Another point on which I find myself in agreement with the right is the rather amorphous methodology of defining the term "assault rifle". The term itself seems engineered toward negativity, as an assault is typically considered a bad thing, outside of war. The Federal Assault Weapons Ban of 1994 banned some guns by model, but most due to having certain attachments or capabilities, including grips, adjustable stocks, and other largely cosmetic enhancements. In some cases, a banned "assault rifle" was nearly identical to a legal rifle, and gun manufacturers were able to bypass restrictions in many cases with very slight modifications. The 1994 ban was passed with bipartisan support (even President Ronald Reagan lobbied for its passage) but expired in 2004. Since then, a number of weapons have been unofficially given the label, even if they would not have qualified for it by the terms of that now-expired legislation.

According to the official study by the National Institute of Justice, the ban had little impact on overall gun violence, in part because (even before the ban) such weapons constituted such a small minority of those used in violent crime. While certain high-profile cases have caused a national focus on certain models (like the AR-15), even a legal rifle can be used for illegal purposes. In fact, any focus on rifles is somewhat off the mark, as the majority of gun crimes are committed with handguns. As a comparison, more people are murdered by blunt objects each year than by rifles.

Agreement with the Left

Perhaps the Church of England can't have extreme points of view, but apparently there are no such limitations within the GOP. According to Public Policy Polling, half of Republican primary voters believed (even in 2011) that Barack Obama was not born in the United States. Additionally, the majority of right-leaning voters (in a 2009 Gallup poll) thought that President Obama would "attempt to ban the sale of guns in the United States".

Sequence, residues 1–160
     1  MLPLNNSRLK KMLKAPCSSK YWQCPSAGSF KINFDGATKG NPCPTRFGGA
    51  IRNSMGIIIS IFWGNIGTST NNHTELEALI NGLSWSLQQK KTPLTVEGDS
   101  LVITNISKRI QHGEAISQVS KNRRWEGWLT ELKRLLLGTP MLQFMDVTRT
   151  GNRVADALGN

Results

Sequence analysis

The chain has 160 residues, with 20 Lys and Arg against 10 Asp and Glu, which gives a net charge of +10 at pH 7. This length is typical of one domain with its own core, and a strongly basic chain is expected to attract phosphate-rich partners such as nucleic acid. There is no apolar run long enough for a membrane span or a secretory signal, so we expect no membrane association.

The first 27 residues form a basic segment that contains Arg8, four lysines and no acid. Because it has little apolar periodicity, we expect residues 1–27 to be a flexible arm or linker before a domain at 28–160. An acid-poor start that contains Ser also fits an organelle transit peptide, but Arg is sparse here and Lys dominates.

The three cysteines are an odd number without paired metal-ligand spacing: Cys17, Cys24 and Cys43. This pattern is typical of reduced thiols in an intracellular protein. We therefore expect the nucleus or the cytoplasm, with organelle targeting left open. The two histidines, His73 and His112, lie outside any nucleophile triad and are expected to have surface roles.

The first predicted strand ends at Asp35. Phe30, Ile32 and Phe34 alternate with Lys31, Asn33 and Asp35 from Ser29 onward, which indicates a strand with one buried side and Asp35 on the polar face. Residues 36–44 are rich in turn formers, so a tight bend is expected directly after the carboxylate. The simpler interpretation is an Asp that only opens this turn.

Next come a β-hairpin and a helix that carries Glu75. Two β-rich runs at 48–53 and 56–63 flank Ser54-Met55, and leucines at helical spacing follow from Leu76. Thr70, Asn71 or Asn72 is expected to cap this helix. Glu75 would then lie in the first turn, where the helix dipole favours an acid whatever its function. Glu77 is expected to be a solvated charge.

I have already stated that I have a good deal of agreement with my more conservative friends on the scope of the second amendment. However, the more extreme assumptions of the far right seem irrational, from my perspective. For example, while we agree that the second amendment does guarantee the right of gun ownership (and legal use), I must add that no freedom is absolute. If you joke about explosives or hijacking an aircraft while going through the airport's security checkpoint, do not be fooled into thinking that you will be able to successfully defend yourself from any charges by claiming "freedom of speech". Use of marijuana (outside of Colorado or Washington) is still illegal, even if a Rastafarian calls it an attack on religious freedom. The tenth amendment (at least after the Civil War) can't be interpreted as to allow for slavery. All rights are still subject to some measure of regulation, and for my part, I do not equate regulation with infringement. I have a right to vote (and I urge everyone to do so, no matter who they support) - but I also must register to vote months before election day, a de facto waiting period. Additionally, in the state of Indiana my registration does undergo a limited background check: according to, the registration database "also exchanges data with the...Department of Correction to...remove incarcerated voters convicted of crimes." By the logic of the NRA, the government is obviously aiming here to remove my ability to vote.